There may be other solutions, but right now the “Use Any Font” plugin for WordPress is the best I’ve seen, combining ease of use with a fairly seamless implementation and fairly robust features.
“Use Any Font” is simple and follows the implementation pattern of other WordPress functions, like the image gallery. You click the “Add Fonts” button, use a standard dialog to find a TrueType or OpenType font on your computer and save it with a name of your choice. The font is then added to a list of installed fonts.
To use a font, you assign it to a html tag. You can pick a number of tags, including h1-6, hyperlinks and several styles of text. This means you could use several different fonts on the same page with no problem. When you save your selection the fonts are immediately in use on your site. The only real shortcoming of this system is the restrictions inherent in html tags. You can’s specifically change one section of text unless you have a tag to use, but the higher numbered title tags (h5 or h6) are usually not used for other purposes so they can fill that need. A real improvement would be to let you define new html tags to expand the number of fonts you can use. But for most users that’s more than they need. The use of tags is universal, so the fonts you assign to them will also work in comments.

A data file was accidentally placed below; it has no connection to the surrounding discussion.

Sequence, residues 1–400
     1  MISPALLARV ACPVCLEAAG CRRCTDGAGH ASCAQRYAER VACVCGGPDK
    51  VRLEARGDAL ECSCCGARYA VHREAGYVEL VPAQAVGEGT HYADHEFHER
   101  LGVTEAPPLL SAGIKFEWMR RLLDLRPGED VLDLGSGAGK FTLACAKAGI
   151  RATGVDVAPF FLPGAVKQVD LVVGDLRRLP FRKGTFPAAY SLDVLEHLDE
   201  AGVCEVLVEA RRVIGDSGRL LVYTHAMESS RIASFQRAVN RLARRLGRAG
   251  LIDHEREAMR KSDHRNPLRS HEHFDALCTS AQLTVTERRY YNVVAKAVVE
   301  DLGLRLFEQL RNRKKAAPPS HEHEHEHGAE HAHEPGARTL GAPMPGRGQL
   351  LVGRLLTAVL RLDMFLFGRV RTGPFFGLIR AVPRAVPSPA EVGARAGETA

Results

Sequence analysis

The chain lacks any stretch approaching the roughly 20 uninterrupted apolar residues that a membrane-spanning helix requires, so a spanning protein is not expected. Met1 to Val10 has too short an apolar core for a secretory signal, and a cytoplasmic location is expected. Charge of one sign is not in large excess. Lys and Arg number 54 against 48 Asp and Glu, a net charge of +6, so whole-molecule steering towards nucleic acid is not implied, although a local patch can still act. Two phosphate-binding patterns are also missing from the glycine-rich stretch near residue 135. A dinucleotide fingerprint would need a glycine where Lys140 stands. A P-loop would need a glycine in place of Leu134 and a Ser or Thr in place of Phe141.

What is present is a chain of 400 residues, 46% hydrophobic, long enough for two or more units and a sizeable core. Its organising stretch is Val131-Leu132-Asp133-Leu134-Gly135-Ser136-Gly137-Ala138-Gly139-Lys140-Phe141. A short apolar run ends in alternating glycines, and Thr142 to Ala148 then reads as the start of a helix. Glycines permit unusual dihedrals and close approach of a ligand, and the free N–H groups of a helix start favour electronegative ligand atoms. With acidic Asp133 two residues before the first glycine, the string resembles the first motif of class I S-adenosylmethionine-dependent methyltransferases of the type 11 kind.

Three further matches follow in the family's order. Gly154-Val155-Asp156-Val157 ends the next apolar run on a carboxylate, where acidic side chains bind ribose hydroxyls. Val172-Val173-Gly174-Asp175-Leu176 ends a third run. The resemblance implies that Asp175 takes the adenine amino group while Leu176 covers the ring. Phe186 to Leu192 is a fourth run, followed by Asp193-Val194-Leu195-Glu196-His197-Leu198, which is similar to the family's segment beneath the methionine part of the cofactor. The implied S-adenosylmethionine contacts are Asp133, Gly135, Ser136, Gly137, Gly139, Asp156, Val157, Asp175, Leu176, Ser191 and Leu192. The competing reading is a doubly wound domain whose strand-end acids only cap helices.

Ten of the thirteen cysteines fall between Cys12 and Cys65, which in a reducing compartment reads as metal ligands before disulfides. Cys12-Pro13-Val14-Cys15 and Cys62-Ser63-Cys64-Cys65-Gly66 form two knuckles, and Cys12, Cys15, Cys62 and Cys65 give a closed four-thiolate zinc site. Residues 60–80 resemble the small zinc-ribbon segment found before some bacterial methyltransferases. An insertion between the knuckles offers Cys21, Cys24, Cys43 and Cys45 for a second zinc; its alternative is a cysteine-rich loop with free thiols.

You can see “Use Any Font” in use on this site. We’ve assigned Folkard Caption to the primary title links and to hyperlinks and assigned Ripley to h6 for special uses. Don’t over use it, but the ability to use custom fonts can add a lot of panache to a page.